In fact, Ignatius speaks in very approving terms of the Philadelphian believers. He even writes in the prologue of the epistle,
To the church of God the Father and the Lord Jesus Christ at Philadelphia in Asia; mercifully settled in all godly concord; steadfastly rejoicing in the Passion and Resurrection of our Lord; and in the fullness of His mercy, holding sure and certain conviction of the same.
This doesn’t sound very consistent with Zakariya’s claim that Ignatius was addressing them as heretics.
In a final attempt to find support for his view, Zakariya appeals to the Trallian Christians, to whom Ignatius also addressed a letter. Zakariya writes,
Ignatius wrote a letter to a Christian group known as the Trallians, who seemed to believe that the death of Jesus was only in appearance, not in reality. Here, Ignatius tries to correct their understanding about the crucifixion.
Quoting Ignatius again (epistle to the Trallians section 10):
And when He had lived among men for thirty years, He was baptized by John, really and not in appearance; and when He had preached the Gospel three years, and done signs and wonders, He who was Himself the Judge was judged by the Jews, falsely so called, and by Pilate the governor; was scourged, was smitten on the cheek, was spit upon; He wore a crown of thorns and a purple robe; He was condemned: He was crucified in reality and not in appearance, not in imagination, not in deceit. He really died, and was buried, and rose from the dead, even as He prayed in a certain place, saying, “But do Thou, O Lord, raise me up again, and I shall recompense them.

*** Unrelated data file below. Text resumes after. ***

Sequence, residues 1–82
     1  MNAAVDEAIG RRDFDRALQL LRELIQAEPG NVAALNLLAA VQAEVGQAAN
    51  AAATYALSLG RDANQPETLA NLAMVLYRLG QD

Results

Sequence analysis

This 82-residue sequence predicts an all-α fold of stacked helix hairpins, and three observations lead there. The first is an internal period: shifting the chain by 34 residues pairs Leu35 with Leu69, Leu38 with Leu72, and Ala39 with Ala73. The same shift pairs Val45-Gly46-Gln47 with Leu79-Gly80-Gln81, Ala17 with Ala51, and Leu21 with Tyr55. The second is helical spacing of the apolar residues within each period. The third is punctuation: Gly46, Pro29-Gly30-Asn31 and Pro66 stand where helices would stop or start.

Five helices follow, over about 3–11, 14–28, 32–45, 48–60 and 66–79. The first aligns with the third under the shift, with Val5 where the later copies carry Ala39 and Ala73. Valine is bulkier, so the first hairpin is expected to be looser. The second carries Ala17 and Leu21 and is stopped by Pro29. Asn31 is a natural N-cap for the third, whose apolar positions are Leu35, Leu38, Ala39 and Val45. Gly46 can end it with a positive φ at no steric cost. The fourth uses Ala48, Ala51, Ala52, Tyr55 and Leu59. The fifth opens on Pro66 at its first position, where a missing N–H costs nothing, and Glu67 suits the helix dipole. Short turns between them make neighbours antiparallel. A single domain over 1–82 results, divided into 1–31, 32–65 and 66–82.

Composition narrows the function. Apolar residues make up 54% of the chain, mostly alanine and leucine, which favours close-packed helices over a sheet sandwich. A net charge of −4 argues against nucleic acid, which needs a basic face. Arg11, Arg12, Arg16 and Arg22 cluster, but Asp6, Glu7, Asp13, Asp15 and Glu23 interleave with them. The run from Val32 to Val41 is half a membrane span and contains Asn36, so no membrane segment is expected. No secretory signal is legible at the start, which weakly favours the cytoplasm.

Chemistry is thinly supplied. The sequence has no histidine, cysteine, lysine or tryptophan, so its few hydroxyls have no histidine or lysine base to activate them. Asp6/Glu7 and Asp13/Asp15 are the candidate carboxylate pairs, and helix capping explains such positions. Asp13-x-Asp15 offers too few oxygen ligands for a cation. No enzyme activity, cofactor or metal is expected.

Again, Ignatius is not addressing the Trallians as heretics but rather as fellow believers in Christ. This is clear from the prologue of the epistle:
To the holy church at Tralles in Asia; beloved of God the Father of Jesus Christ, elect and godly, endowed with peace of body and soul by the Passion of Jesus Christ, who through our rising again to Him is our hope.
In his letter, Ignatius is warning the Christians in Tralles about the destructive gnostic heresies (which deny the reality of Christ’s physical incarnation). This much is clear, since in section 6 he says,
And so I entreat you (not I, though, but the love of Jesus Christ) not to nourish yourselves on anything but Christian fare, and have no truck with the alien herbs of heresy. There are men who in the very act of assuring you of their good faith will mingle poison with Jesus Christ; which is like offering a lethal drug in a cup of honeyed wine, so that the unwitting victim blissfully accepts his own destruction with a fatal relish.
Ignatius even goes on to write,
Not that I suspect anything of the kind among you; I am only trying to protect you in good time, because you are dear to my heart and I can foresee the devil’s snares ahead.
Thus, this text in fact explicitly contradicts, rather than supports, that the Trallian Christians gave any credence to the Islamic perspective on the crucifixion.
To be honest, I do not get the impression that Abu Zakariya has even read the letters of Ignatius. If he had, it is difficult to see how he would make such blunders. His citations of Ignatius give every appearance of having been copy/pasted from the internet with no regard for their context.
It is regrettable that over these five blog posts we have seen so much disappointing argumentation and sloppy scholarship on the part of Abu Zakariya. Chapter 5 of his book, Jesus: Man, Messenger, Messiah, as I have shown, contains not a single compelling argument to call the historical veracity of the crucifixion of Jesus into question. On the other hand, Zakariya’s inability to argue against the crucifixion serves to highlight the strength of the evidence supporting and corroborating the crucifixion of Jesus. In future blog posts, I will also be addressing other chapters in the book.